A combination of factors led to a drop in the Lake Mulwala pool level over the week, which fell from 124.75 m AHD to 124.63 m AHD. Diversions from the major irrigation offtakes at Lake Mulwala started the week steady at around 5,000 ML/day, then quickly increased following the weekend up to 6,000 ML/day coinciding with reduced inflows arriving from Hume. Strong westerly winds experienced at Yarrawonga throughout the week pushed water from Lake Mulwala back upstream, resulting in reduced water levels at Yarrawonga Weir. Most of this water pushed upstream returns back to the weir pool once the winds either abate or change direction. Depending on prevailing winds, the pool level is expected to rise back above 124.70 m AHD by Sunday. This phenomenon of a water body fluctuating in height due to outside forces is known as a ‘seiche’, and can occur at all major water storages. Primary drivers for seiches include strong winds, intense inflow events, and earthquakes. Releases from Yarrawonga Weir for the coming week are planned to be between 9,000 ML/day and 10,000 ML/day.

On the Edward River system, the combined flow through the Edward River and Gulpa Creek offtakes is steady at around 1,900 ML/day. Diversions to Wakool Main Canal averaged 600 ML/day for the week and the flow downstream of Stevens Weir is around 2,300 ML/day.

On the Goulburn River, the flow at McCoys Bridge has receded from 1,900 ML/day to 1,170 ML/day as the last of a pulse of water released from Lake Eildon enters the Murray. The flow at McCoys Bridge is planned to remain at around 1,000 ML/day over the coming week. At Torrumbarry Weir, diversions from National Channel are around 2,400 ML/day and the downstream release is around 6,600 ML/day and gradually falling.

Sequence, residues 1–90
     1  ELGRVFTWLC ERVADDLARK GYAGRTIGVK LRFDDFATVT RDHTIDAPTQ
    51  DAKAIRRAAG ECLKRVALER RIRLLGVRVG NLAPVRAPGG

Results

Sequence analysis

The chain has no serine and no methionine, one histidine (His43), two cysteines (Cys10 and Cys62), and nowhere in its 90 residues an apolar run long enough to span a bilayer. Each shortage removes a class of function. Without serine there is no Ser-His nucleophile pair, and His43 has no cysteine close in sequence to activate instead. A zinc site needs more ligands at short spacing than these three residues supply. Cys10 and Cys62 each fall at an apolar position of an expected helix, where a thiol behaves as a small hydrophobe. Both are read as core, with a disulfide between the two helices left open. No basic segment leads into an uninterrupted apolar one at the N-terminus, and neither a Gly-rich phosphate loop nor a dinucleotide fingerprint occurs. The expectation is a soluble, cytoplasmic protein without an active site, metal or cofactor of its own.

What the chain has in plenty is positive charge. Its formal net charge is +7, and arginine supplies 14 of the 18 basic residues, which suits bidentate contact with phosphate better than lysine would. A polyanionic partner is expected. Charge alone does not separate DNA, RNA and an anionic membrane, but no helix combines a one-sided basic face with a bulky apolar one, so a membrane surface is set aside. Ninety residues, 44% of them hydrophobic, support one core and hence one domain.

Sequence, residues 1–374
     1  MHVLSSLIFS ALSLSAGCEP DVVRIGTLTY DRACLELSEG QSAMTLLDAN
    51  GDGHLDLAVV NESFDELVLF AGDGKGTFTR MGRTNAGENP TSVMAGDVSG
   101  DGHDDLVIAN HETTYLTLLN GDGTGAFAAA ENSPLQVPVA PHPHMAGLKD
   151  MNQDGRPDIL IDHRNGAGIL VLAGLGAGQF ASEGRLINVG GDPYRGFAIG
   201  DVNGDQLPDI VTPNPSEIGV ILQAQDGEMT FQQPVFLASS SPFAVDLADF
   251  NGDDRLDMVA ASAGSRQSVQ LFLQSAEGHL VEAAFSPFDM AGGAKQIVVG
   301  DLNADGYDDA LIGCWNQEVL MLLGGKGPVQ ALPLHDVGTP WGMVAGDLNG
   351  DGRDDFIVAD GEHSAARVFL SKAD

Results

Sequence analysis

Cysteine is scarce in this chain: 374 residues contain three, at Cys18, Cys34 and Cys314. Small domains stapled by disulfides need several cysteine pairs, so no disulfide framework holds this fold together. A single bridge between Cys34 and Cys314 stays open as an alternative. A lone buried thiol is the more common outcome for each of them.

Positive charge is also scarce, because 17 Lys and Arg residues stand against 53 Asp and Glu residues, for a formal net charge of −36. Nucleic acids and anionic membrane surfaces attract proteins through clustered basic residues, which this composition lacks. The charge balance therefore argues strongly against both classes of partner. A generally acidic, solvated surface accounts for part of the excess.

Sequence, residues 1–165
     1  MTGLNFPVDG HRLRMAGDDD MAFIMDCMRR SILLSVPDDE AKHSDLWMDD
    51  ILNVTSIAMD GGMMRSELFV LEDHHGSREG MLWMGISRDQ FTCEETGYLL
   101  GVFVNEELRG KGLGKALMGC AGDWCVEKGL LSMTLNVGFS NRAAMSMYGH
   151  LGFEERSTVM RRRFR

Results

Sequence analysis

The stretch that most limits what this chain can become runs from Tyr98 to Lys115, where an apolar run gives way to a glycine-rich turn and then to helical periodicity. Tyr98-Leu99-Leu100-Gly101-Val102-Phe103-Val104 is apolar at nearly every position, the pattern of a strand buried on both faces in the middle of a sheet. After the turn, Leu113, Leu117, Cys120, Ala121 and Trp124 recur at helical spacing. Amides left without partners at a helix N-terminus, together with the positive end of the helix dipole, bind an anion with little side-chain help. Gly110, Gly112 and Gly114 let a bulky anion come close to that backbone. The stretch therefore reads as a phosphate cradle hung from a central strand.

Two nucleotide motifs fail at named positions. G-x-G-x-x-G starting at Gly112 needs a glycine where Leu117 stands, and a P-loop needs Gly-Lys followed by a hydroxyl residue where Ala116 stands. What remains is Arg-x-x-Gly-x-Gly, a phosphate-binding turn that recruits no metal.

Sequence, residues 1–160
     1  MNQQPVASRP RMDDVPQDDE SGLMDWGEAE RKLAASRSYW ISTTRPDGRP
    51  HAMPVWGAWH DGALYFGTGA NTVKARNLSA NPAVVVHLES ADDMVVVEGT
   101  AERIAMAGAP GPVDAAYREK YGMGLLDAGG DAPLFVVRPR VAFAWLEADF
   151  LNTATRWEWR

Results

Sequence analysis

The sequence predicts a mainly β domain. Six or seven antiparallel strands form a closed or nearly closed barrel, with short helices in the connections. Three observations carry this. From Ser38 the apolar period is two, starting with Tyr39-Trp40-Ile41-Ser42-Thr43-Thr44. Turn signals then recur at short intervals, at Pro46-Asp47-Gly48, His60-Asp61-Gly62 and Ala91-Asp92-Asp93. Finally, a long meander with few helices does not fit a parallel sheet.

Further downstream, inflows into the Murray from the lower Murrumbidgee River are around 750 ML/day at Balranald. This flow is expected to recede to a base flow of around 180 ML/day over the coming week.

Following consultation with the local community, a start date of 20 May has been selected for commencement of the major works at Mildura Weir this winter. The works will require closure of the lock for three to four months, as well as removal of the weir for up to ten weeks. Further advice and updates on the works will be provided in coming months.

At Menindee Lakes (currently managed by NSW), the storage volume decreased by 10 GL to 108 GL (6% capacity). Releases into the lower Darling are around 150 ML/day at Weir 32. Upstream of the storage, the slow moving flow event making its way down the upper Darling is still yet to reach Wilcannia.

At the confluence of the Darling and Murray Rivers at Wentworth, the flow is around 8,200 ML/day and rising as the pulse of water released from the Goulburn River last month passes downstream.

At Lake Victoria, the storage volume has decreased by 31 GL to 265 GL (39% capacity). The daily flow to South Australia is targeting around 9,800 ML/day for the first half of March as increased environmental water is passed downstream for barrage outflows into the Coorong. The flow to South Australia is planned to reduce back to around 6,500 ML/day in the second half of March, due to works on the Lake Victoria outlet which will limit the volume of water that can be delivered across the border. The planned flow for the second half of March is still greater than the normal March entitlement flow of 6,000 ML/day.

At the Lower Lakes, the 5-day average water level in Lake Alexandrina decreased 2 cm this week to 0.55 m AHD. Releases from the barrages are targeting flows into the Coorong of 2,000 ML/day or greater when conditions permit.